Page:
Crunchy, filling and brimming with goodness and flavour
TOO MANY OF MY SUNDAY PUB LUNCHES HAVE BEEN SPOILED BY EITHER NO VEGGIE OPTION ON THE MENU, NO GRAVY FOR THE VEGGIES (A ROAST WITHOUT GRAVY?!) OR ALL TOO OFTEN A BAD TASTING OFFERING...
And really, with nuts, seeds, herbs, garlic… it really should be delicious! Elsi loves this meal. I think it’s partly the food and partly the fact we sit down together as a family and all eat the same thing - something that sadly isn’t always possible during the week. She always tries more things when she sees her daddy eating them too.
Really this is a family recipe rather than just 'toddler friendly' but I wanted to make the distinction between baby and toddler food clear on this one as it contains lots of nuts, some of which are only partially crushed. If you worry about nuts from a choking rather than an allergy perspective you could blitz them in a food processor until fine before adding them to the mix.
It almost goes without saying but please only feed this to your child if you have established they do not not have a nut allergy.
- 150g Red Lentils
- 6 White Onions
- 6 Carrots
- 2 Courgette
- 4 large cloves of Garlic
- 1/2 tsp Dried Oregano
- 1 sprig of Rosemary
- 1-2 tbs Fresh Flat Leaf Parsley, finely chopped
- 500ml Marigold Vegetable Bouillon
- 150g Cheddar Cheese
- 2 Free Range Eggs
- 6 tbs Breadcrumbs (more if needed to dry out the mixture)
- 2 tbs Tomato Purée
- 200g Chestnut mushrooms
- 1 small handful Dried Porcini
- 250g Mixed Nuts (For a fancy roast I use more expensive nuts like pistachios, pecans and cashews but for a standard weekend a packet of supermarket mixed nuts is fine)
- Mixed Seeds (I use pumpkin, linseeds and sunflower seeds) and throw them in liberally!
- 2-3 tbs Olive Oil (you can use any neutral tasting oil)
I always use my food processor to make this recipe however a good sized box grater will also work and give you some great biceps.
First things first, measure out all your ingredients and put them in bowls like the TV chefs/Blue Peter presenters of yesteryear. I also prefer to get all my ingredients chopped up before I start but you can do this as you go.
- Blitz your onion, garlic and mushrooms in a food processor or alternatively chop finely. Select a large saucepan or large high-sided frying pan and heat your olive oil on a moderate heat, then add your oniony mix and take a moment to enjoy the sound of the sizzle. Cook on a low to medium heat for around 10 minutes, until your onions turn translucent and begin to caramelise.
- While your ingredients are sautéing use a fine grater attachment on your food processor and feed through the carrots and courgette (just not the tops). I buy organic carrots and I don’t bother to peel them, but for non organic you may want to as lots of pesticides are just below the skin. Alternatively give them a good scrub with a vegetable brush. Once the onions are translucent add the carrots and courgette to the pan with a sprinkle of salt and ground pepper. Cook for around 5 minutes.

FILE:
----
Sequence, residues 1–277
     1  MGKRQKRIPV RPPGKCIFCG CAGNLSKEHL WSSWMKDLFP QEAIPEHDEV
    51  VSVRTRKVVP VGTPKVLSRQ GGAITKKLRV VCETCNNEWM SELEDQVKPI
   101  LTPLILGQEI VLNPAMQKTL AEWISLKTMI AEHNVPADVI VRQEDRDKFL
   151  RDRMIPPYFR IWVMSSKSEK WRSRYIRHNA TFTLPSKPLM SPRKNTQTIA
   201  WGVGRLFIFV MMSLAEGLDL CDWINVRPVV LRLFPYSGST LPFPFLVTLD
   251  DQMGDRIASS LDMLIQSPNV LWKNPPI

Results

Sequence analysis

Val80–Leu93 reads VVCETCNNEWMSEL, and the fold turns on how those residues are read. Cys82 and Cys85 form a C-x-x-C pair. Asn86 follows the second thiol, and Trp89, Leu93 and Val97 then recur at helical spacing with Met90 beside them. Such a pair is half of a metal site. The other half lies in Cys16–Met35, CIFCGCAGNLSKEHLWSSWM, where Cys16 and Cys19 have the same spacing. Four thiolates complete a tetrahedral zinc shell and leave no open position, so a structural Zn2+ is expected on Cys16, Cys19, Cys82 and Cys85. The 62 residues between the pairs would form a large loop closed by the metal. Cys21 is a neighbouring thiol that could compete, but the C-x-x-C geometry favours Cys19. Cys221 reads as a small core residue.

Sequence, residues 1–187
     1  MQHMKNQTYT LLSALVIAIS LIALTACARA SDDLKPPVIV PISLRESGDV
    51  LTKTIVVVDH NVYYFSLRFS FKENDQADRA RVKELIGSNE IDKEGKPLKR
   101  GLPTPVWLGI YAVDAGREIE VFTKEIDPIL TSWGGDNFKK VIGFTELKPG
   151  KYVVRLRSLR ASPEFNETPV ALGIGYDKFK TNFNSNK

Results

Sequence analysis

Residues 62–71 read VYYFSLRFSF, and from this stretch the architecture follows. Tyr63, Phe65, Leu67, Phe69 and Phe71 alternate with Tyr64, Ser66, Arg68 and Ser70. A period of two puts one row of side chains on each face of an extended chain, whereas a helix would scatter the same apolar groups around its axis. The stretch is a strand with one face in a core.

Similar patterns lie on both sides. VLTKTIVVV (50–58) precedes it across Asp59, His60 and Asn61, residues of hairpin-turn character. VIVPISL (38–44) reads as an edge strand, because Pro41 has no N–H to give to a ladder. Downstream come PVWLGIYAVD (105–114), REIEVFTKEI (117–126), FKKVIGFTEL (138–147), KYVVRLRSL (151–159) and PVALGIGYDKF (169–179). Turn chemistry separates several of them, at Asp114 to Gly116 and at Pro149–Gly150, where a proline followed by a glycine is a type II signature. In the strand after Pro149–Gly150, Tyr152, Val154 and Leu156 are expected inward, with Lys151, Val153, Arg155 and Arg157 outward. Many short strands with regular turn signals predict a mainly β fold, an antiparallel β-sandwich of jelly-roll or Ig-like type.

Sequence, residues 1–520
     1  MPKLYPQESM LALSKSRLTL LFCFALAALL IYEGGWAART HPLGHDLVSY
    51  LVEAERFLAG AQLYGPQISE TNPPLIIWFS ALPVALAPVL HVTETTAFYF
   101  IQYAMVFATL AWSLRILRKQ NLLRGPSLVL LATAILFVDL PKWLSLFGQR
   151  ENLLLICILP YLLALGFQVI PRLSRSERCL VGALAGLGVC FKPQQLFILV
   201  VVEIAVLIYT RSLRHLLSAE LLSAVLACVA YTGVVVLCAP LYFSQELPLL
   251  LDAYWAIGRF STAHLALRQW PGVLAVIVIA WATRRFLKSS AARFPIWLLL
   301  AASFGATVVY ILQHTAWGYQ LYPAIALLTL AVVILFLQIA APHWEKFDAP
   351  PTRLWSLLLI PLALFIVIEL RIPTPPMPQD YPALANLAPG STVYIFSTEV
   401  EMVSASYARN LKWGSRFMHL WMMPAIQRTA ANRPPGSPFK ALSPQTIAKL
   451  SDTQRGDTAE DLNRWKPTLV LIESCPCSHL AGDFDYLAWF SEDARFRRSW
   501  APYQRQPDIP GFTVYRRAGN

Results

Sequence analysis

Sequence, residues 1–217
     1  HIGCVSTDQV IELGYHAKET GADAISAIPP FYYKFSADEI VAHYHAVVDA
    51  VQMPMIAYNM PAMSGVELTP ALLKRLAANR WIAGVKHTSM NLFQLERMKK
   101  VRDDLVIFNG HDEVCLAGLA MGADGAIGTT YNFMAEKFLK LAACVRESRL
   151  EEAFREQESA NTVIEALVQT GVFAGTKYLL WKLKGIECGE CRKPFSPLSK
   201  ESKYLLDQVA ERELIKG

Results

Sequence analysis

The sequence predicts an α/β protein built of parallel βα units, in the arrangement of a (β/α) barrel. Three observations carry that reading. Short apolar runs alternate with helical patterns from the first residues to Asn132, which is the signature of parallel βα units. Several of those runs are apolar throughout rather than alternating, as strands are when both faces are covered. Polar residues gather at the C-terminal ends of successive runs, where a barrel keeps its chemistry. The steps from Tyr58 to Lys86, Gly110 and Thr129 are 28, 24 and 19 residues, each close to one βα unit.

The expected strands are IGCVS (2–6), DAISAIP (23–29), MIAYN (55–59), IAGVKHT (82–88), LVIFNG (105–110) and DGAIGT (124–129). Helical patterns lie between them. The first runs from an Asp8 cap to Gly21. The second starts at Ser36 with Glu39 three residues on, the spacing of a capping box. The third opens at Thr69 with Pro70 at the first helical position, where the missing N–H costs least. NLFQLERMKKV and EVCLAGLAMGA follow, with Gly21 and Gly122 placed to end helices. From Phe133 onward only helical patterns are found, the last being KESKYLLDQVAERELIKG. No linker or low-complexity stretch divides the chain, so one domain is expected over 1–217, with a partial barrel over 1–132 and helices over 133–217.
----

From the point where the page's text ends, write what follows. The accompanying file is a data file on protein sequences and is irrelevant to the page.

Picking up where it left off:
- Next make your vegetable bouillion or stock if you prefer. You’ll need 200-300ml but make the full amount (around a pint) and you'll have enough if you need more. Rinse the lentils and scatter them, along with the dried herbs on top of your veg, giving everything a stir and coating each lentil in olive oil before pouring over your stock.
- Turn the heat to the lowest setting, partially cover your pan and let the lentils and vegetables simmer, adding more water as necessary until the lentils are cooked, this should take around 20-25 minutes.
- Next blitz your bread until it forms breadcrumbs. If frozen your bread should have thawed enough to break it into large chunks, even better, make your breadcrumbs before freezing so you always have a steady supply.
- After removing your breadcrumbs to a bowl blitz your nuts, you don’t want them to be too fine unless making for a baby who is not used to texture. Check for any large chunks before switching to a grater attachment to grate your cheese. You can add this right on top of the nuts in your food processor. If you are doing all of this by hand you might want to use a plastic sandwich bag and a rolling pin to bash out your nuts.
- Cover your Porcini mushrooms in boiling water and soak for at least five minutes before chopping finely and adding to the pan along with their steeping liquor.
- Stir in your tomato purée before adding in the rest of your ingredients apart from the egg. Give it a taste and check for seasoning.
- Beat your eggs and add them in to loosen your mix and help it all stick together. If you wanted to make this recipe vegan you could switch the cheese for nutritional yeast and use a few tablespoons of apple sauce and a spoon of peanut butter instead of the egg. The apple flavour works really well and the nut butter makes it nice and sticky.
- You can bake this in any overnware really but I have most success with a ceramic dish. Use a little butter or oil to act as a barrier on the inside of the dish and it will come away easily when you serve. Spoon your leftover mix into freezer friendly Tupperware or freezer bags for a speedy Sunday lunch next time.
- If you prefer, you can also roll into balls to bake, this size is often easier for young toddlers to get to grips with.
With a nut roast you really can mix it up and throw in any bendy vegetables lurking in the fridge, different types of lentils, switch for beans or even stuff your mix inside a cabbage leaf like this Guardian recipe by Felicity Cloake. Come Christmas I’ll be using chestnuts, sage, stilton and cranberries. This is the star of vegetarian celebration lunch so make it special for yourself or the veggies you are making it for. Enjoy!